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Sunday, August 26, 2012

Review: Confessions of an Angry Girl by Louise Rozett

Publication Date: August 28, 2012
Publisher: Harlequin Teen
Series: Confessions #1
Young Adult
Pages: 272
Genre: Contemporary, Realistic Fiction, Romance
Rose Zarelli, self-proclaimed word geek and angry girl, has someconfessions to make.
…1. I'm 
livid all the time. Why? My dad died. My mom barely talks. My brother abandoned us. I think I'm allowed to be irate,don't you?
2. I make people furious regularly. Want an example? I kissed Jamie Forta, a badass guy who might be dating a cheerleader. She is nowenraged and out for blood. Mine.

3. High school might as well be Mars. My best friend has been replaced by an alien, and I see red all the time. (Mars is red and "seeing red" means being angry—get it?)

Here are some other vocab words that describe my life: Inadequate. Insufferable. Intolerable.

(Don't know what they mean? Look them up yourself.)

(Sorry. That was rude.)
*Digital galley provided by publisher for an honest review*

Adding this one to my favorites list. Confessions of an Angry Girl really does justice as a contemporary novel. The realistic characters, the constant motion of the story, the tension buildup between relationships, the list is endless. I just really liked reading this book! It was like a nice hard pretzel dipped in smooth, creamy nutella. Delicious.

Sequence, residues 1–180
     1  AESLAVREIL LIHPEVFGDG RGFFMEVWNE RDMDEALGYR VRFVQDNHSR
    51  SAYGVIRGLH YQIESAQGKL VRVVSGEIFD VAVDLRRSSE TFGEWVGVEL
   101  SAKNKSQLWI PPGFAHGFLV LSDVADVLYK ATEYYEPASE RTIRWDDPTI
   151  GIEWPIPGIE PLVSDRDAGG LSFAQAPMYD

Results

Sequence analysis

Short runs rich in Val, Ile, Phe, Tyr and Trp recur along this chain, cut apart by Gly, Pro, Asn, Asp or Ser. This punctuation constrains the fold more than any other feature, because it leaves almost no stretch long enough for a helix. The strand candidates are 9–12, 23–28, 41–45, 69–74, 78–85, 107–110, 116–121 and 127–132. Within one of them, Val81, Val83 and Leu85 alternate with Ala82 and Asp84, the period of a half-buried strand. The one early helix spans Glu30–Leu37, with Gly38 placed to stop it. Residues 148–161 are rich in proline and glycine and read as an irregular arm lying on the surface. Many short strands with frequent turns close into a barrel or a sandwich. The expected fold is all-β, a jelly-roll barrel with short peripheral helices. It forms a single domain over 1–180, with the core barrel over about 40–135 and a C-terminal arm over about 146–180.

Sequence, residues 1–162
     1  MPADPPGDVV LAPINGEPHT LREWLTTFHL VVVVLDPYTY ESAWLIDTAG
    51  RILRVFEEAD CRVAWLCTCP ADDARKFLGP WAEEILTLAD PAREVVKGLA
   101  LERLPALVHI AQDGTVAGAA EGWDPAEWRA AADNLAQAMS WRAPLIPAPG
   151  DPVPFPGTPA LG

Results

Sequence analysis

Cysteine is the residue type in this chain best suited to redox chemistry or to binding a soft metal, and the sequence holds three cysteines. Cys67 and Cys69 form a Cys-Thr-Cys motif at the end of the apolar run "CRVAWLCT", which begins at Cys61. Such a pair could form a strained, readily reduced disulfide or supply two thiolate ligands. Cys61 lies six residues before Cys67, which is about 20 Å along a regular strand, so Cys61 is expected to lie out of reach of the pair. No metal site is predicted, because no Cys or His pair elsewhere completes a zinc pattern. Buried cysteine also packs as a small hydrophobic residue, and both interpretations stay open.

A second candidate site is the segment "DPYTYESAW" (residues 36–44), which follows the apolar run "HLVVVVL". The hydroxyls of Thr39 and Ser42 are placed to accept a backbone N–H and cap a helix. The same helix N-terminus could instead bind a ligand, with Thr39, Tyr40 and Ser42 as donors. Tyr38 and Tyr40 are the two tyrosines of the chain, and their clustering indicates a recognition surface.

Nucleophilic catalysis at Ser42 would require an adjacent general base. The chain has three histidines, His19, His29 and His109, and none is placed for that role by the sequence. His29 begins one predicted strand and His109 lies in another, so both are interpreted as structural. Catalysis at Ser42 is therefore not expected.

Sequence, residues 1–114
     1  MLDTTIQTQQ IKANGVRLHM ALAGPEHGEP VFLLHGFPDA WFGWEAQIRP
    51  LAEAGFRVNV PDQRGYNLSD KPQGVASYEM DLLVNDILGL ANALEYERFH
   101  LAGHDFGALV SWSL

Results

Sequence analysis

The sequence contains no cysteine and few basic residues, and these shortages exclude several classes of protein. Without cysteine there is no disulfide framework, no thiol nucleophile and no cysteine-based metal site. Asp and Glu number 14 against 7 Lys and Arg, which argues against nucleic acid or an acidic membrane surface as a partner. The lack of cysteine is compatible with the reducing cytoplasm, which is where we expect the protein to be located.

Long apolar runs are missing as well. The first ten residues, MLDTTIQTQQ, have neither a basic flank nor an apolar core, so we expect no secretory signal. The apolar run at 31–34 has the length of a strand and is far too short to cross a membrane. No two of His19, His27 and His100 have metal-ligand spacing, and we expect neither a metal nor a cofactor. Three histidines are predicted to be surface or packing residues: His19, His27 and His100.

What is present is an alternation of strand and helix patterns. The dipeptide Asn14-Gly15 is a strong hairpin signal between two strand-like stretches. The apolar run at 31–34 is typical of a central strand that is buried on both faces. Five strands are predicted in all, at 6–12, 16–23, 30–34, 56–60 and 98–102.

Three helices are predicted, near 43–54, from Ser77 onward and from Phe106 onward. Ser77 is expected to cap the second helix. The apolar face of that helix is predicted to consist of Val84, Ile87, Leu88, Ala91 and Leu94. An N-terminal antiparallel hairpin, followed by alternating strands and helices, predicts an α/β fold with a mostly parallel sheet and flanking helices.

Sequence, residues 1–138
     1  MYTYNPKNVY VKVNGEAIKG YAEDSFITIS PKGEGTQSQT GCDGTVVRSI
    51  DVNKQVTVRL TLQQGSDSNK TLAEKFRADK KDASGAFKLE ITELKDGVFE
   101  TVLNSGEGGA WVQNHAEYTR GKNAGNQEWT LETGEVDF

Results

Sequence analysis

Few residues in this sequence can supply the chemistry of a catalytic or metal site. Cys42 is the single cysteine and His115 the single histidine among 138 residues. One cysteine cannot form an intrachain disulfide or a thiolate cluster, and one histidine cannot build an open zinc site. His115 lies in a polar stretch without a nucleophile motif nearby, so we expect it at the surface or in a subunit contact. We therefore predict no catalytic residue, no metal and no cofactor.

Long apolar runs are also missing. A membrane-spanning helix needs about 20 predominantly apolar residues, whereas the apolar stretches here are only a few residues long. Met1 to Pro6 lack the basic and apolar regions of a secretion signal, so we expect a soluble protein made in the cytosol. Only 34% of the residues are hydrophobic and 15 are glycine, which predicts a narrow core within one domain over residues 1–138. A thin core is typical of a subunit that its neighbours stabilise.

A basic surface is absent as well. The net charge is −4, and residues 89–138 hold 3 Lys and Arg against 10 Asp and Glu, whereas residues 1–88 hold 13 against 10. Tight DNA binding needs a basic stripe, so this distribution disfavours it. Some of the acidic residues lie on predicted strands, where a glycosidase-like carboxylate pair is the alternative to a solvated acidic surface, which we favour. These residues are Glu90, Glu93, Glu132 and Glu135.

The synopsis really triggered my want of this novel. It's quirky, it's funny, and it has voice. Rosie's voice. She does not disappoint while reading. Mad at the world and with a reason that I couldn't complain about, Rosie is an easy character to relate to even if you haven't been in the same position as her. We all get angry, all of us. She does have the freshmen tendencies like swooning over Jamie Forta, but I guess I would, too. Only while he's with Rose, though. When he's with Regina, his cheerleader girlfriend (a little cliched in my mind), my thoughts on him are another story.

The writing was paced just right. Rosie's voice was captivating and hilariously witty. I understood her anger towards the word and towards the people at her school. Especially Regina. But some of the realistic aspects of the novel made me cock my head to the side, confused. There's one part of the book where Rosie goes with her wanting-to-have-sex-with-her-boyfriend obsessed best friend Tracy to planned parenthood in order for her to go on the pill. But while she's there Rose made an appointment to see a gynecologist. Red Flag! In my mind I was saying: "What is a fourteen/fifteen-year-old girl doing making an appointment at the OB/GYN without an adult, not even eighteen, and never had sex? Does not compute." Usually the age to see your GYN is eighteen or when you first start having sex. Usually minors are accompanied with an adult because they're, you know, minors. That was the only part that really had me making a face because I didn't find it very realistic. Because Rosie was none of the above.

Final Summation: Confessions of an Angry Girl really is something. My hype for this book was not put down (except that one little part mentioned above) and I loved Rosie's flawed persona. Cannot wait to pick up my own copy and shove on my shelf. And I am dying to read the second book, Confessions of an Almost Girlfriend, after the end that Ms. Rozett left! 

First Lines: This, dear reader, is a tale of the hell of high school.
Story: S
Cover: S